Nearly seven years of investigations and trials held under Colombia’s Law 975—known as Justice and Peace Law (JPL)—have brought to light the numerous challenges faced by the law. The government estimates at its current pace the process, designed to bring to justice demobilized paramilitaries and uncover the truth about their crimes, would take more than 100 years to complete.
Recognizing these challenges, the government and Prosecutor General’s Office introduced a reform bill which is currently being debated in congress. In the meantime, civil society organizations actively discuss whether these reforms adequately fulfill the rights and needs of victims.
With the goal of creating an opportunity for debate between civil society and the Colombian government on JPL reform, ICTJ and the Mission to Support the Peace Process from the Organization of American States have organized an event titled “Challenges and Opportunities of the Justice and Peace Law Reform,” to take place May 14 in Bogotá, with the support of the Swedish and Swiss Embassies.
The event will feature presentations by Jorge Perdomo Torres, deputy general prosecutor; Uldi Teresa Jiménez, a judge from the Justice and Peace Unit of the Bogotá Court; Hugo Velásquez, member of the Chamber of Representatives who has led the reform initiative in congress; Gustavo Gallón, director of the Colombian Commission of Jurists; and Miguel Samper, director of transitional justice of the Ministry of Justice and Law.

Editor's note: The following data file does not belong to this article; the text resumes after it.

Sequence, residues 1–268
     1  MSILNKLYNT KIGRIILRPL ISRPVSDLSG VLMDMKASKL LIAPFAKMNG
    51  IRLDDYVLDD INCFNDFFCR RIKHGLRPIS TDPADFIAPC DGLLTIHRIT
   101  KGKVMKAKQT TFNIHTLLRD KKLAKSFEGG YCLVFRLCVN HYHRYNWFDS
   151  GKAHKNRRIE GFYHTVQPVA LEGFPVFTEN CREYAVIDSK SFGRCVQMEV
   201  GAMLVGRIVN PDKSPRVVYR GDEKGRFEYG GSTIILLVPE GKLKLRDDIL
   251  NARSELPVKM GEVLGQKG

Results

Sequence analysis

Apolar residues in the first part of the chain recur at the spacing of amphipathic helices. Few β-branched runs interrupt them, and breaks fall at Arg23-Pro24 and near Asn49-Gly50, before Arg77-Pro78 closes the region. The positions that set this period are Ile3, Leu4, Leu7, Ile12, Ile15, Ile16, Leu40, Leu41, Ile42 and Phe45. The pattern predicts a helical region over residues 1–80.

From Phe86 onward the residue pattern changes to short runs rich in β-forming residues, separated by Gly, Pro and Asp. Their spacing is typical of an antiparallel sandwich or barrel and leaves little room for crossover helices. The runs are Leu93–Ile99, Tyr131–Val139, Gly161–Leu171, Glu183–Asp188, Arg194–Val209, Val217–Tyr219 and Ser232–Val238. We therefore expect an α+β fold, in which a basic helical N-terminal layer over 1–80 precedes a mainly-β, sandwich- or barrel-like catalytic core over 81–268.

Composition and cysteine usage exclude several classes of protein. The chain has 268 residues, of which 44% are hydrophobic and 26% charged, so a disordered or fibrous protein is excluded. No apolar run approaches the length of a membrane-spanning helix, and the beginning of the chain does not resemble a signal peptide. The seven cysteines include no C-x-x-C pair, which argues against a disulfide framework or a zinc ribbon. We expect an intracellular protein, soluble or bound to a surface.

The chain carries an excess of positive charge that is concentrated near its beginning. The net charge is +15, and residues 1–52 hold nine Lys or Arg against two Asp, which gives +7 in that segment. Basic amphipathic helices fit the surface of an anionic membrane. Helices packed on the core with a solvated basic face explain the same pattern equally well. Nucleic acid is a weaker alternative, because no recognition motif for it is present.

Presentations will be followed by round table discussions focusing on four key issues of JPL reform: the validity of the law, the prioritization of cases, the execution of convictions, and a timeline for reparations.
Validity: Concerns about the law’s validity center on the fact that it offers an alternative conviction to demobilized paramilitaries only for criminal acts committed before July 25, 2005, when the law entered into effect. This raises questions about how to address paramilitaries who demobilized after that date: should the JPL cover crimes committed after the law was passed?
Prioritization and conviction: The limited number of convictions to date underscores the need for the JPL to prioritize cases. From among the 2,000 people who are awaiting trial, the process must prioritize prosecuting and convicting those who bear the most responsibility for the establishment and operations of paramilitary organizations.
Reparations: Critical to the inclusion of victims’ needs and rights in the JPL reform is the creation of a timeline for reparations. The reform bill introduced by the Prosecutor’s Office and the government suggests reparations should take place after a sentence is reached. This has created concern among victims’ and civil society groups about the impact these delays would have on the more than 350,000 victims registered under the JPL.
The presentations made at the event Monday, May 14, will be live-streamed on our Spanish website to increase access and open the debate about JPL reform to a broader audience.
Photo: "Peace and Dignified Life" Ciudad Bolívar, Bogotá. Photo courtesy of GUACHE.